Using the Jupyter Notebook with an EC2 instance allows us to analyze data of a size that would be difficult or impossible to do on our local machines. The most powerful (from a memory perspective) EC2 instance has 244GB of Ram and 32 cores and often costs only 50 cents/hr.
This tutorial explains:
This post assumes you are already familiar with the basics of EC2. You should know how to start an instance and SSH into it.
wget linkon your remote host to download it. Just follow the directions on the page. The installation will ask whether to append the conda environment to the Python path. Type in
The Jupyter Documentation provides an excellent walkthrough on configuring the server here. The tl;dr is:
jupyter notebook --generate-configin order to generate the configuration file.
from notebook.auth import passwd; passwd()and then enter in the password you want to use to access the notebook. Remember the password and copy the hash you get back.
Generate an SSL certificate using the following code:
openssl req -x509 -nodes -days 365 -newkey rsa:1024 -keyout mycert.key -out mycert.pem
Open the configuration file (
~/.jupyter/jupyter_notebook_config.py by default) you made with your favorite text editor and copy in the hash generated from passwd():
c = get_config() c.NotebookApp.password = u'sha1:67c9e60bb8b6:9ffede0825894254b2e042ea597d771089e11aed' c.NotebookApp.ip = '*' c.NotebookApp.open_browser = False c.NotebookApp.port = 9999 c.NotebookApp.certfile = u'/home/ubuntu/mycert.pem' c.NotebookApp.keyfile = u'/home/ubuntu/mycert.key'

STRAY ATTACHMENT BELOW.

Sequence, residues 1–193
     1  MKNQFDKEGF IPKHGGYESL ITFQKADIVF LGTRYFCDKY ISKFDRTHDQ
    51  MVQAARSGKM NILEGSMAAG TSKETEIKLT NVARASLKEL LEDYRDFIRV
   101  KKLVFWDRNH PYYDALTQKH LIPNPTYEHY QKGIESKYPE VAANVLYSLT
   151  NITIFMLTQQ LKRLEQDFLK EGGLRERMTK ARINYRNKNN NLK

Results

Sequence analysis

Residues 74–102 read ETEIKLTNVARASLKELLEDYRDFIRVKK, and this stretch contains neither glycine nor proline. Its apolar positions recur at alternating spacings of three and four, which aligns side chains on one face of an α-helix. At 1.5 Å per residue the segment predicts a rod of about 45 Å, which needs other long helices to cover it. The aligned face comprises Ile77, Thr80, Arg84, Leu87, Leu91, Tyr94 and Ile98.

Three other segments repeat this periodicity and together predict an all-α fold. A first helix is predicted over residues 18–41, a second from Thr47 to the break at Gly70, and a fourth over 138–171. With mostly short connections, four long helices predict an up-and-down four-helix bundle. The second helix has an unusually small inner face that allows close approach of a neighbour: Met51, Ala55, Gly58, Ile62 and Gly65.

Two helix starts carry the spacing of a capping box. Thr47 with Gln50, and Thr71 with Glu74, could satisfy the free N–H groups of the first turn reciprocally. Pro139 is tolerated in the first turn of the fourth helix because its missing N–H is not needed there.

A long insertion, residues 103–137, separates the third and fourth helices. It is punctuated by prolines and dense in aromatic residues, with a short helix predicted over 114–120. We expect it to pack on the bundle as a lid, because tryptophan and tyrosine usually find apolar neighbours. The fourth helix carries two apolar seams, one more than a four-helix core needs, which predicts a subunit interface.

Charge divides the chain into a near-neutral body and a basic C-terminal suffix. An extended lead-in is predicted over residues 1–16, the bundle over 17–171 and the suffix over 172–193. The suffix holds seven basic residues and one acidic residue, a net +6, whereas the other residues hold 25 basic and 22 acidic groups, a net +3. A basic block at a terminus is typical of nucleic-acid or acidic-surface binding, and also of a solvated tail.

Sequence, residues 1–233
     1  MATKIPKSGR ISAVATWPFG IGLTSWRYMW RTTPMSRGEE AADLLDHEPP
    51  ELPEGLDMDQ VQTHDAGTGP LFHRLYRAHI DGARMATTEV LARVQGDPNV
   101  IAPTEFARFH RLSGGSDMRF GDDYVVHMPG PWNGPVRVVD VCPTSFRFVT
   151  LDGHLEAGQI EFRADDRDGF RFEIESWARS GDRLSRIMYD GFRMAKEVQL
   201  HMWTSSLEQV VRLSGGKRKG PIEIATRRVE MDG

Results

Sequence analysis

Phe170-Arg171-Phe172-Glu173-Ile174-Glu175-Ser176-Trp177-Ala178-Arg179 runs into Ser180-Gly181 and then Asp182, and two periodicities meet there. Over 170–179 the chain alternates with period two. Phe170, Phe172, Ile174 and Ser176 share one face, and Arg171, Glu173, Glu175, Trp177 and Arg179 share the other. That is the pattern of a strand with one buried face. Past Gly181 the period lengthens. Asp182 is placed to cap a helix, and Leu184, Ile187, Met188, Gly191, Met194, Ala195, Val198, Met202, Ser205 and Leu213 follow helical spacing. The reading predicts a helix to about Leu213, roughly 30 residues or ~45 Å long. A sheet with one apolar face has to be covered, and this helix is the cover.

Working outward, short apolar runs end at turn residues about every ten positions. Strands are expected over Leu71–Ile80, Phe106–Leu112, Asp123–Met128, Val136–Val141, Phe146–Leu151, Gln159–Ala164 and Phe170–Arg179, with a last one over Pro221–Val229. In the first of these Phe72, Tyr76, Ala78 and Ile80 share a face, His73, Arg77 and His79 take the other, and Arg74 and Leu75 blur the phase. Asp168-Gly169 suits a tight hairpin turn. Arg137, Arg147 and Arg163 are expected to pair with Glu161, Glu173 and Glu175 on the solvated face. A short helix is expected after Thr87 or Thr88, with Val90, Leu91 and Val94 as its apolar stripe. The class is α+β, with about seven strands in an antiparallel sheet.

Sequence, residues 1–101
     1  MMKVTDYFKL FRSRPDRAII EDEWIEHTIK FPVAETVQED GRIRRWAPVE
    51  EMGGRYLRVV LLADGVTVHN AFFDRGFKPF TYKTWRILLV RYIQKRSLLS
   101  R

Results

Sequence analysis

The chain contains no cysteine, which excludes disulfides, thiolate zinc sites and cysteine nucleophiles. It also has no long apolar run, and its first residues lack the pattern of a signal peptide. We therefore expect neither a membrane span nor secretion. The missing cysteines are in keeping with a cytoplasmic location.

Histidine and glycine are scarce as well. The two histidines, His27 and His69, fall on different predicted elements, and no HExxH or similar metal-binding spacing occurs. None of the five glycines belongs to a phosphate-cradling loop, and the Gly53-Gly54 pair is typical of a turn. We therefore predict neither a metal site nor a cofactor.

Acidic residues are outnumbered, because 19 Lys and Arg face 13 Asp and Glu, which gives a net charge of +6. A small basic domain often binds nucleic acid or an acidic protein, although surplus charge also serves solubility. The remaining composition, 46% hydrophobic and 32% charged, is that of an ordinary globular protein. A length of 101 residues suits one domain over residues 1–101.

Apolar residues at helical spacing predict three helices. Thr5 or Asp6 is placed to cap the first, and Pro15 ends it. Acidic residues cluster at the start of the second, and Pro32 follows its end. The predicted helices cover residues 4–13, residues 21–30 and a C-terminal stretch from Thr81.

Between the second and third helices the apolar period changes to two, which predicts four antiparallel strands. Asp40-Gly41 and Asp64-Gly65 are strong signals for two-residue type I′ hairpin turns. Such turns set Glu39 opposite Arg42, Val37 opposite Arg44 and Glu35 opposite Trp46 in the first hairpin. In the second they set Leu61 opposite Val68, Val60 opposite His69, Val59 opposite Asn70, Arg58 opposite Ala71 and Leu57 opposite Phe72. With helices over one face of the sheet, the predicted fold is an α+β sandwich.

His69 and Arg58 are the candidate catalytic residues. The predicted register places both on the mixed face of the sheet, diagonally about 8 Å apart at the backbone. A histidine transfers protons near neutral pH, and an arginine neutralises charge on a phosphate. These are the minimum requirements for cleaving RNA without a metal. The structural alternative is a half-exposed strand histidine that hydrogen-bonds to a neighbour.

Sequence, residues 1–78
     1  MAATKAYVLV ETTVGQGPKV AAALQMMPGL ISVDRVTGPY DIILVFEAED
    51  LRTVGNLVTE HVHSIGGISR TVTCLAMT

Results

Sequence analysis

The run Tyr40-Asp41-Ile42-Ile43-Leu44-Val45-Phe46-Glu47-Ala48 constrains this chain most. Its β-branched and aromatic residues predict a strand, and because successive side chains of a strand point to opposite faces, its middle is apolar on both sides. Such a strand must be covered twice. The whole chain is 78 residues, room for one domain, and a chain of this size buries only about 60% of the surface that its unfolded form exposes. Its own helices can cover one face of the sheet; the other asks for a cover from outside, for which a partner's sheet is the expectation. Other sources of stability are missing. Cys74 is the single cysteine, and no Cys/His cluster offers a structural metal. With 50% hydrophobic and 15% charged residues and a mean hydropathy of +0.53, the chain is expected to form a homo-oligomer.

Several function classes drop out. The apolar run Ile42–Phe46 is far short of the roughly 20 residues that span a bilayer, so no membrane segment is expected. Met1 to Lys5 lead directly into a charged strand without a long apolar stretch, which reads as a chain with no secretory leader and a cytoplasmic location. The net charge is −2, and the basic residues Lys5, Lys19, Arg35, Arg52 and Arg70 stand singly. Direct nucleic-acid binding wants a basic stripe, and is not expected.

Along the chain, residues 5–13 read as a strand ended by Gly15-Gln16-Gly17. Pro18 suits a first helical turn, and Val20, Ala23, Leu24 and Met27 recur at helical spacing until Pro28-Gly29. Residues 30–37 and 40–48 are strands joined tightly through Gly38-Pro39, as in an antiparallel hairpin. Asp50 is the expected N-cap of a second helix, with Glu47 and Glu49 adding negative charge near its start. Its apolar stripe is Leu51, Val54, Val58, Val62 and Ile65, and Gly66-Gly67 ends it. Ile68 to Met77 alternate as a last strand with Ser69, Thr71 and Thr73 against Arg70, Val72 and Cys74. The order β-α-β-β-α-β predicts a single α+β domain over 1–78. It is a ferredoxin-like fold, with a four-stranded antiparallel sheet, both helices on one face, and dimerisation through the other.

.bashrc make the following alias:
alias jupyter='nohup jupyter notebook &'
.bashrc again. This also makes your jupyter session persistent. It will not stop running just because the ssh session is closed.
Now you can type
jupyter in the terminal and the server should run. Then browse to https://ip_address:9999 and login with the password you entered:
Spot instances are much cheaper than on-demand instances. They downside is that you can be kicked off your instance if the amount of capacity of the Spot Instance gets too high.
The best way to deal with the transient nature of spot instances is to use the following workflow:
This way we minimize the amount of time that we have to run the EC2 instance and we don’t have to worry about losing any code because it is all in the local host.
If you end up writing novel code in your EC2 instance I recommend keeping your code synced with github.